Man, despite his historic pretensions, sophistication and art, owes the fact of his existence to a 6-inch layer of topsoil and the fact that it rains — Anonymous
In both his key address to Kenyans at Kasarani stadium and AU leaders in Addis Ababa in July, US President Barack Obama emphasised that Africa was on the move—10 of the world’s fastest growing economies are in the continent with a third of its 54 countries realising GDP growth of over six per cent.
Africa, therefore, is the next stopover for investors focusing on the economic opportunities available. One such opportunity is in the agricultural sector which half a billion people in sub-Saharan Africa rely on for their livelihood.
Nonetheless, the estimated 226 million chronically under-nourished people are a testimony to the continued fruitless investments made in the past decade.
Yet it is a documented fact that growth in the agricultural sector can have dramatic impacts towards a hunger-free and sustainable Africa, the World Bank puts the growth potential of the sector to at least twice that of any other sector.
So what is the missing link? The problem lies in Africa’s soil, one of the most overlooked ingredients in farming. Healthy, fertile soils are an imperative starting point for agro-based development, yet Africa’s soils are among the most degraded in the world.
This degradation continues as a result of deforestation, overgrazing, continuous deep-ploughing and inappropriate use that leads to the ‘mining’ and depletion of soil nutrients. Good agriculture can, and should, restore nutrients, conserve water and prevent soil erosion.
A key answer to the puzzle of low food production in Africa lies in its incredibly low use of fertiliser. Sub-Saharan Africa represents 10 per cent of the global population, yet only 0.8 per cent of total fertiliser use. Given the fact that about three-quarters of sub-Saharan Africa’s soils are degraded, one wonders why the minimal use of fertiliser.
It is this state of affairs that prompted the 2014 African Green Revolution Forum held in Addis Ababa to call for an agricultural revolution on the continent to bridge the yield gap, lift rural communities out of poverty and realise the economic growth potential through agricultural investment.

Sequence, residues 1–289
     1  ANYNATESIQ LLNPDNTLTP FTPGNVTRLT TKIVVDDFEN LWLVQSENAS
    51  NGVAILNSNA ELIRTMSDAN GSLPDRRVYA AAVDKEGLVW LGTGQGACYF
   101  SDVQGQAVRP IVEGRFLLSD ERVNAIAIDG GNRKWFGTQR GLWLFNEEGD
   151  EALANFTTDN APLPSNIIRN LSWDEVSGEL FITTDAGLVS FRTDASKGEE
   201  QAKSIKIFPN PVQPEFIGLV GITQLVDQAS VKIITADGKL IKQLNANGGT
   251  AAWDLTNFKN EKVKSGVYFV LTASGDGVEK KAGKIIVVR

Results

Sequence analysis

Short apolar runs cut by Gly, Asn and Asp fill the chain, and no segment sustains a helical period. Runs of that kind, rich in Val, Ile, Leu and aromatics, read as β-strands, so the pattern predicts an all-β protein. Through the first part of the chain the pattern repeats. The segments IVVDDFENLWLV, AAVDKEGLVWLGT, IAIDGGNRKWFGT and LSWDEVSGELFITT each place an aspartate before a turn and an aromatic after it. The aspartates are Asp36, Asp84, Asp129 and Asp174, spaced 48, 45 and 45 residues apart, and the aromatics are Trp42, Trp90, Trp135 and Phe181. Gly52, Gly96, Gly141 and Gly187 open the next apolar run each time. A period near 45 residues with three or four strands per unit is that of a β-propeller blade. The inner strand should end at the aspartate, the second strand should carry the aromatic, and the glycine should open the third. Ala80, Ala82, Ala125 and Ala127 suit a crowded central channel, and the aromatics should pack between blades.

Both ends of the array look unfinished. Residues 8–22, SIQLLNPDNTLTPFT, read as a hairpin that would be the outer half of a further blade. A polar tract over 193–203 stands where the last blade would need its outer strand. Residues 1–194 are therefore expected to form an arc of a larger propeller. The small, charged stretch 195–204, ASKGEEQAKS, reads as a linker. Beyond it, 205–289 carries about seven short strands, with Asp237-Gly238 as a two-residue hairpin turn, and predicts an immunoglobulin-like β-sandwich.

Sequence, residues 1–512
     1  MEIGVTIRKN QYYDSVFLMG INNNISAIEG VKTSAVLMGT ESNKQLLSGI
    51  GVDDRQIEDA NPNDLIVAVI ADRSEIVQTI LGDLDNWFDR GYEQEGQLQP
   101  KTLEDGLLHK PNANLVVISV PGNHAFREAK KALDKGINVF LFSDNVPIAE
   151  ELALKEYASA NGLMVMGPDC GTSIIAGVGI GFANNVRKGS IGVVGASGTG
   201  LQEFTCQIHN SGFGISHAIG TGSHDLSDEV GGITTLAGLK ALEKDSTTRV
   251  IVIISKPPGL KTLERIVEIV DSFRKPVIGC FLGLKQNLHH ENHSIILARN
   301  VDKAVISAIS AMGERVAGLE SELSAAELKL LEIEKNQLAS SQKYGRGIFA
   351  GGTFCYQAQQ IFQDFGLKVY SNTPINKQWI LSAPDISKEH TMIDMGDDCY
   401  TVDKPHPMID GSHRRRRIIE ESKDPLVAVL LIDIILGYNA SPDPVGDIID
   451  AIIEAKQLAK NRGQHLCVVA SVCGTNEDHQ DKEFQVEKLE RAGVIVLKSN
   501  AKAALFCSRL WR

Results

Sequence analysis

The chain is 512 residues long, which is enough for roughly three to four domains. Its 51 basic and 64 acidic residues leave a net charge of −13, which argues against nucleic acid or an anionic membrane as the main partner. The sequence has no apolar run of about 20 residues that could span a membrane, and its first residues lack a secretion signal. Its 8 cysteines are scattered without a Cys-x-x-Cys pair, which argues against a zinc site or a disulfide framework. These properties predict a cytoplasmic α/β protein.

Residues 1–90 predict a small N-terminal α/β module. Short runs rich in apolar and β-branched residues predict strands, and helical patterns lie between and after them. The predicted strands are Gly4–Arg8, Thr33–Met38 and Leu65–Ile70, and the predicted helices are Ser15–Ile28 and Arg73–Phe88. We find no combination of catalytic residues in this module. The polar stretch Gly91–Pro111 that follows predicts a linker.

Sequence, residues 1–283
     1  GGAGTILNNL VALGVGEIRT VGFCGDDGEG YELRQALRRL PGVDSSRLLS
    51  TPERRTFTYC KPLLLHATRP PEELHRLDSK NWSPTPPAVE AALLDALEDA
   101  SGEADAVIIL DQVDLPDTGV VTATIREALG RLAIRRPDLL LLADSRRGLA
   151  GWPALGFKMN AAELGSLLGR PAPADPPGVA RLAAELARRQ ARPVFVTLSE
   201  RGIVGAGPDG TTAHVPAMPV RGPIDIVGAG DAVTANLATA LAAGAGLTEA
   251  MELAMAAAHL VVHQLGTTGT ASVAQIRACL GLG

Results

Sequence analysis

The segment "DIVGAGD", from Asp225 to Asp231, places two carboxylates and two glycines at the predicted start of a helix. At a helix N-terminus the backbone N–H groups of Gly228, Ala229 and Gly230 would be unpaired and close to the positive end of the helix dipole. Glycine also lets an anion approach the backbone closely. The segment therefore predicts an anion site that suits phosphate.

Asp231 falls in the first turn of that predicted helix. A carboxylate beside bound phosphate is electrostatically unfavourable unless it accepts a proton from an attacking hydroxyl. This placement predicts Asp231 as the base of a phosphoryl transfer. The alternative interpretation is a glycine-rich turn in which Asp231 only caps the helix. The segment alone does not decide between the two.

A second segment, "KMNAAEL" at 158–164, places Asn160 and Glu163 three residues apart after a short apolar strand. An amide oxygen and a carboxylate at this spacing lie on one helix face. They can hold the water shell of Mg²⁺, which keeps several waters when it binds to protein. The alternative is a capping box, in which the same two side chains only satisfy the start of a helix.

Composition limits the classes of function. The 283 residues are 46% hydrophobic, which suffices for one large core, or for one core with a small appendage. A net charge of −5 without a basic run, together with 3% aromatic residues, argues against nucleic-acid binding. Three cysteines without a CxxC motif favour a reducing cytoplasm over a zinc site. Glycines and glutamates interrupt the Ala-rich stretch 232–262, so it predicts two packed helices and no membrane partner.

Among the resolutions passed by the forum is to invest in partnerships to build the capacity needed to bring about this transformation. Part of this investment includes funding discussion forums and conducting training for soil scientists and other industry stakeholders.
This is expected to trickle down the food value chain to the smallholder farmer. One such forum is a training workshop that was held in Nairobi in July. In July, a partnership between the Alliance for a Green Revolution in Africa and the International Fertiliser Development Centre brought researchers, extension services and key players in the fertiliser industry and government policy makers for a training on implementation and out-scaling of balanced crop nutrition in the Africa.
Soil scientists and other key players in crop nutrition at the workshop advocated for building capacity on mapping out soil nutrient deficiencies, determining balanced fertilisers and dissemination of results to stakeholders, policy makers and smallholder farmers.
To achieve this, innovation and change are needed to develop a vibrant fertiliser and agro-input value chain in Africa, powered by effective multi-stakeholder partnerships and capacity building.
Key to this new approach are smallholder farmers who urgently need to access fertiliser to become more productive and grow enough and more nutritious food, become reliable suppliers to the broader agri-food chain, increase incomes and improve the lives and create new jobs and economic opportunities for the youth and women.
Access to fertiliser by smallholder farmers will result to healthy soils which are crucial part of an African-led green revolution that has the potential to dramatically reduce hunger and poverty. Such efforts need to be scaled up if substantial gains can be achieved in save the 75 per cent of sub-Saharan degraded soils and the nutrient loss.
Access to crop nutrients by smallholder farmers (fertilizers, manure, compost, crop residues) is paramount for maintaining soil fertility and raising agricultural productivity. The impact of fertilisers is immediate.
Within a single cropping season, farm productivity can be doubled or tripled. It is only when this has been achieved that the youth and women can benefit from the recent funding announced at the 2015 Global Entrepreneurship Summit. The author is a communications consultant